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Sand Storm

A fairly familiar critique of patriarchy from a humanist and feminist perspective, but one that’s put across with some very impressive filmmaking skills by a…

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Deepwater Horizon

Everything here feels routine—more like an inevitability than a work of art or even a piece of entertainment.

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Ballad of Narayama

"The Ballad of Narayama" is a Japanese film of great beauty and elegant artifice, telling a story of startling cruelty. What a space it opens…

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The 6th Man: A Corleone Mystery

Q. In the Answer Man for Aug. 17, Phil Giordano asks about a Sixth Man in “The Godfather” who is never identified when the Corleones plan the execution of a police captain. The person he is wondering about is Rocco Lampone, played by Tom Rosqui, who is uncredited in the film, according to the IMDB. Mr. Giordano will remember the earlier scene in the film where Rocco executes Paulie in the car as Clemenza urinates outside (the “leave the gun, take the cannoli” scene).

According to the book, this is where Rocco finally makes his bones. He sits in on the meeting as the family waits for news from Sonny’s contact at McCluskey’s police station to find out where Michael’s meeting with Sollozzo will take place. This shows the trust he has earned from the family. He eventually becomes one of Michael’s two caporegimes (Al Neri is the other one). Incidentally, it is Rocco who, in the second film, assassinates Hyman Roth at the airport, only to be shot in the back by a police officer as he tries to flee the scene. Ali Arikan, Istanbul, Turkey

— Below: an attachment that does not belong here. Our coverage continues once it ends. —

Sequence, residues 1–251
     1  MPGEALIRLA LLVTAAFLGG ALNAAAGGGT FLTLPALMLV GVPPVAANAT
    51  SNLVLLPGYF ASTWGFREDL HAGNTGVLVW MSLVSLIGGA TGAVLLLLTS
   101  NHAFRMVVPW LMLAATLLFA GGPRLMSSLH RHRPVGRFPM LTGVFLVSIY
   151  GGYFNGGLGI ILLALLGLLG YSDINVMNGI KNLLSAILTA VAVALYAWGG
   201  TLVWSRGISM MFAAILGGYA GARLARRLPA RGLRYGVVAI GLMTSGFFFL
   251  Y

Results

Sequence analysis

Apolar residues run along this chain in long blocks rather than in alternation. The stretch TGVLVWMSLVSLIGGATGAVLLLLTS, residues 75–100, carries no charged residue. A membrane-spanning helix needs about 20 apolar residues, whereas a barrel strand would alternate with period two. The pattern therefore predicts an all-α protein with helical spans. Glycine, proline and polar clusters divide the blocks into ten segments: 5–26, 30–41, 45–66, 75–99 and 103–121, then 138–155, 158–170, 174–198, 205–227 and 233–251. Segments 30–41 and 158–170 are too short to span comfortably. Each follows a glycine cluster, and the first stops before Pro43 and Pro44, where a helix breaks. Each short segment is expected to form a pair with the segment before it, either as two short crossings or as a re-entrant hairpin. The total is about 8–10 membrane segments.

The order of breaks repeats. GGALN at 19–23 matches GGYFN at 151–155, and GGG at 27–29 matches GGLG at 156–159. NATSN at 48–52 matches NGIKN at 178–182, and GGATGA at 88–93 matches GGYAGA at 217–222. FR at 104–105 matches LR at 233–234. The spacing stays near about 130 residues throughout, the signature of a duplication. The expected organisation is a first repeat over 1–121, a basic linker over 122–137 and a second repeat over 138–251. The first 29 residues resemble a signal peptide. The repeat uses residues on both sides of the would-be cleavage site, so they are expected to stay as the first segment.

A. I received a lot of solutions to the question, only three persuasive — yours came in first, followed by John Fitzpatrick of Springfield, Ill., and Jorge Gamboa of Tucson, Ariz. Some of the other answers refer to an earlier scene discussing the wisdom of the killings. The Sixth Man scene begins at about 1:18:12 and continues until about 1:18:52; it’s the man on the far right, drinking from a bottle of beer.

Q. Where are all the Hollywood he-men with deep-chested voices such as Peck, Gable, Heston and Wayne? They were replaced by the baritoned smoothies such as Newman and Redford and now we have the soprano-voiced teeny-boppers such as DiCaprio and Pitt, who are laughable as heroes. Your opinion? Del Lashbrook, Durham, Ore.

A. Not laughable, and gifted actors.

But just on the basis of the actors in three movies I saw on one day last week, I would suggest that deep voices endure, as represented by Morgan Freeman, George Clooney, Tom Wilkinson, Sydney Pollack, Russell Crowe, Christian Bale, Peter Fonda and Fred Ward.

Q. I was on the Web one late, lonely evening reading the works of Mark Twain. I found his essay, “Fenimore Cooper’s Literary Offenses” and immediately thought of you. I was wondering what your thoughts were after reading that? Jacob Henderson, Eugene, Ore.

A. Oddly enough, that essay, which I came across in grade school, may have had a greater influence on my critical style (in certain moods) than any other single thing I’ve read. Mark Twain can make me laugh out loud, as in "The Innocents Abroad," where an Egyptian guide shows a tour group a mummy that is 3,000 years old. An American tourist says: “How calm he is — how self-possessed. Is, ah — is he dead?”

Q. I was glad to read your take on “Casino Royale” (2007). But I have a question. The villain was a terrorism financier (who bled out of his eyes, but that’s irrelevant). At the end, Bond begins to go after the terrorist organization. Are they setting this up for SPECTRE? Ari Lewis, Charlotte, N.C.

A. A tantalizing possibility. Health tip: If you start to bleed out of your eyes, it’s not irrelevant.

Q. Was the mission in “Sunshine” a “kamikaze” mission, as you say? The characters talk about “getting home,” but I don’t understand how that is possible if they are meant to jettison their big front shield thingy into the sun to deliver their bomb. Gordon Barnard, West Hollywood, Calif.